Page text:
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21: The Lymphatic and Immune System
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- 21.0: Introduction
- Acquired immune deficiency syndrome (AIDS) turned out to be a new disease caused by the previously unknown human immunodeficiency virus (HIV). Although nearly 100 percent fatal in those with active HIV infections in the early years, the development of anti-HIV drugs has transformed HIV infection into a chronic, manageable disease and not the certain death sentence it once was. One positive outcome resulting was that the public’s attention became focused on functional and healthy immune systems.
- 21.1: Anatomy of the Lymphatic and Immune Systems
- The immune system is the complex collection of cells and organs that destroys or neutralizes pathogens that would otherwise cause disease or death. The lymphatic system, for most people, is associated with the immune system to such a degree that the two systems are virtually indistinguishable. The lymphatic system is the system of vessels, cells, and organs that carries excess fluids to the bloodstream and filters pathogens from the blood.
- 21.2: Barrier Defenses and the Innate Immune Response
- The immune system can be divided into two overlapping mechanisms to destroy pathogens: the innate immune response, which is relatively rapid but nonspecific and thus not always effective, and the adaptive immune response, which is slower in its development during an initial infection with a pathogen, but is highly specific and effective at attacking a wide variety of pathogens.
- 21.3: The Adaptive Immune Response - T Lymphocytes and Their Functional Types
- Innate immune responses (and early induced responses) are in many cases ineffective at completely controlling pathogen growth. However, they slow pathogen growth and allow time for the adaptive immune response to strengthen and either control or eliminate the pathogen. The innate immune system also sends signals to the cells of the adaptive immune system, guiding them in how to attack the pathogen. Thus, these are the two important arms of the immune response.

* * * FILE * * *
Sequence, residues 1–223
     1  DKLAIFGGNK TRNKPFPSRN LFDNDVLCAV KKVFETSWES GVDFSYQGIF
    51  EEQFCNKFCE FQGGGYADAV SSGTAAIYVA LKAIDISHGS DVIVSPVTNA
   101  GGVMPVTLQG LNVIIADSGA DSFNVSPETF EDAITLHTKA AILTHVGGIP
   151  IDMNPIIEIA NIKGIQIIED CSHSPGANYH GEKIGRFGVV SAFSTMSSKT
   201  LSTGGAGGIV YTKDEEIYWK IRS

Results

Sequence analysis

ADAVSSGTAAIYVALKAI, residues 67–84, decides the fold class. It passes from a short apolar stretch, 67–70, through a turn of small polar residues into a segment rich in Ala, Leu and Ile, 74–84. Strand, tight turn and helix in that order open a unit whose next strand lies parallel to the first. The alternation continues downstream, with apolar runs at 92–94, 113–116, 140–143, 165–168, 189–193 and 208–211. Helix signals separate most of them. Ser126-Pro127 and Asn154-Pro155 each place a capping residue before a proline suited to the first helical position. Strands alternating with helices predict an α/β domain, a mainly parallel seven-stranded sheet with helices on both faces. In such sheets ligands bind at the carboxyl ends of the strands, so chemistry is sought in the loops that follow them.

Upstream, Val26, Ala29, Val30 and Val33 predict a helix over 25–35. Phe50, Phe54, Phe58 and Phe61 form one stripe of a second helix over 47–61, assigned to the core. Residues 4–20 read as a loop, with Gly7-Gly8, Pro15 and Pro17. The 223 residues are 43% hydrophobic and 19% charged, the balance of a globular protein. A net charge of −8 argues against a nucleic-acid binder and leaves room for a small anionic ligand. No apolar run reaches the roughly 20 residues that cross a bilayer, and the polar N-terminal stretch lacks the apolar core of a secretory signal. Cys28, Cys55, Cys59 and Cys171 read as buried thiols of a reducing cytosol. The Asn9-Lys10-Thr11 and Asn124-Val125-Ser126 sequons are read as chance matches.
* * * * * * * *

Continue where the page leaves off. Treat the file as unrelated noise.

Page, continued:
- 21.4: The Adaptive Immune Response - B-Lymphocytes and Antibodies
- Antibodies were the first component of the adaptive immune response to be characterized by scientists working on the immune system. It was already known that individuals who survived a bacterial infection were immune to re-infection with the same pathogen. Early microbiologists took serum from an immune patient and mixed it with a fresh culture of the same type of bacteria, then observed the bacteria under a microscope.
- 21.5: The Immune Response Against Pathogens
- When following antibody responses in patients with a particular disease such as a virus, this clearance is referred to as seroconversion (sero- = “serum”). Seroconversion is the reciprocal relationship between virus levels in the blood and antibody levels. As the antibody levels rise, the virus levels decline, and this is a sign that the immune response is being at least partially effective (partially, because in many diseases, seroconversion does not necessarily mean a patient is getting well).
- 21.6: Diseases Associated with Depressed or Overactive Immune Responses
- This section is about how the immune system goes wrong. When it goes haywire, and becomes too weak or too strong, it leads to a state of disease. The factors that maintain immunological homeostasis are complex and incompletely understood.
- 21.7: Transplantation and Cancer Immunology
- The immune responses to transplanted organs and to cancer cells are both important medical issues. With the use of tissue typing and anti-rejection drugs, transplantation of organs and the control of the anti-transplant immune response have made huge strides in the past 50 years. Today, these procedures are commonplace. Tissue typing is the determination of MHC molecules in the tissue to be transplanted to better match the donor to the recipient.